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From Christopher Schultz <ch...@christopherschultz.net>
Subject Re: install war with xml and define environment values
Date Mon, 02 Dec 2013 22:26:25 GMT
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Mark,

On 12/2/13, 11:23 AM, Mark Eggers wrote:
> On 12/1/2013 10:49 PM, Philipp Kraus wrote:
>> Hello,
>> 
>> Am 01.12.2013 um 23:40 schrieb Mark Eggers
>> <its_toasted@yahoo.com>:
>> 
>>> Run Tomcat as an unprivileged user.
>>> 
>>> If you need to have Tomcat serve on port 80, use jsvc, iptables
>>> to map port 80 to port 8080, or place an Apache HTTPD server in
>>> front of Tomcat using mod_proxy_http, mod_proxy_ajp, or
>>> mod_jk.
>>> 
>>> You could also unpack the WAR file, change the param value,
>>> and repackage the WAR file. Of course, the user Tomcat is
>>> running under will need to have privileges to the directory you
>>> change the param value to.
>> 
>> On my test system Tomcat 7 runs with root access, but on my 
>> production system it runs with an unprivileged user on port 9090
>> and a Nginx works like a proxy for https. This works fine, but on
>> the Tomcat runs Jenkins and a project planning system. My
>> Jenkins installation is configures by a XML file in the
>> /etc/tomcat7 directory with this content:
>> 
>> <Context docBase="/usr/share/jenkins/jenkins.war"
>> privileged="true" allowLinking="true" crossContext="true"
>> autoDeploy="true" > <Environment name="JENKINS_HOME"
>> value="/home/jenkins/" type="java.lang.String"/> </Context>
>> 
>> With the value JENKINS_HOME I can change the data directory of 
>> Jenkins.
>> 
>> The project planning system uses only ${user.home}, so I would
>> like to redefine this environment value for this war only
>> (because the backup system runs over the /home dir). I'm working
>> the first time with tomcat but not with java.
>> 
>> Thanks Phil
> 
> I don't know about your project planning system, but my
> installation of Jenkins doesn't need crossContext, privileged, or
> allowLinking. I'm not sure what autoDeploy accomplishes as a
> Context attribute (nothing?).

It produces a lovely warning message.

> Do other people use your machine, or are you the sole user?
> 
> If you're the sole user, set up Tomcat within your home directory,
> take the defaults, drop the WAR files in $CATALINA_BASE/webapps,
> and you're done.
> 
> If not, then set up your system much like your production system.
> That way others can access it on port 80, the unprivileged user
> gets everything backed up (provided the account is in
> /home/unprivileged), and again you can just take the defaults.
> 
> This really is a Java issue and not a Tomcat issue. The application
> is using the environment variable user.home. Setting aside whether
> this is a good idea or not, I think you have a few alternatives (if
> you don't set things up as above).

+1

<Environment> doesn't do what the OP thinks it does. OP wants to
redefine a *system property* when running a particular web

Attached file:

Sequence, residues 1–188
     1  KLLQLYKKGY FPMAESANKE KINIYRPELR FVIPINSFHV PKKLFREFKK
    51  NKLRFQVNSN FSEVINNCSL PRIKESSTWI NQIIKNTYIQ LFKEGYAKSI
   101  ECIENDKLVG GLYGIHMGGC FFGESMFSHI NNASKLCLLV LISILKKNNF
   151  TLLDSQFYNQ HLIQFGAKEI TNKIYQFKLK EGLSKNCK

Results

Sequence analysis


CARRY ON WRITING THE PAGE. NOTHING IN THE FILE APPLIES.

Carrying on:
application, but not affect that value for other applications running
in the same JVM. This is simply not possible.

Phillipp, you've mentioned 3 different ways to configure things:

1. Using web.xml <init-param>
2. Using context.xml <Environment>
3. Using ${user.home} system property

It's unclear to me which of these you actually want to use and for
what. You have mentioned both Jenkins (which ought to be configurable
in a number of ways, given the wide range of environments in which it
is probably run) and an otherwise unspecified "project planning system".

Is Jenkins simply a red herring?

If your project planning system (that's the one you want to
reconfigure, right?) reads the system property "user.home", then you
are simply going to have to change it to read something else unless
you want to redefine the value of "user.home" for the entire JVM.

> 1. Unpack the WAR, change the param, repack the WAR, run the
> altered WAR
> 
> This may or may not work, and depends on whether the application
> uses System.getenv("user.home") elsewhere to write to the
> directory.

The most straightforward to code would be to read <init-param> from
web.xml using ServletContext.getInitParameter. But, as you've
mentioned, changing an init-param's value within a WAR is kind of a
PITA. If you use <Environment> in your webapp's META-INF/context.xml
(or CATALINA_BASE/conf/[Engine]/[Host]/[webapp].xml) then that *can*
be easier to configure (if you put your file in conf/ as shown above)
but then the code for fetching values from JNDI is semi-awkward.

> 2. Set the environment variable user.home
> 
> I don't know what other impacts this will have. You can do this by
> the following:
> 
> a. create a file called setenv.sh in $CATALINA_BASE/bin b. in that
> file put something like the following:
> 
> CATALINA_OPTS="-Duser.home=some-location" export CATALINA_OPTS

Phillip could also do something crazy like inventing a *new* system
property that only his application cares about. How about
project.planning.user.home, or whatever makes more sense for you?

CATALINA_OPTS="-Dproject.planning.user.home=some-location"
export CATALINA_OPTS

Now modify your code to read the system property
"project.planning.user.home" and be done with it. There's no need to
try to figure out how to make "user.home" look different to multiple
webapps.

This is a fairly clear case of holding a nail and looking everywhere
for a hammer when you clearly need to decide that a screw is more
appropriate and use the screwdriver you already have in your other hand.

- -chris
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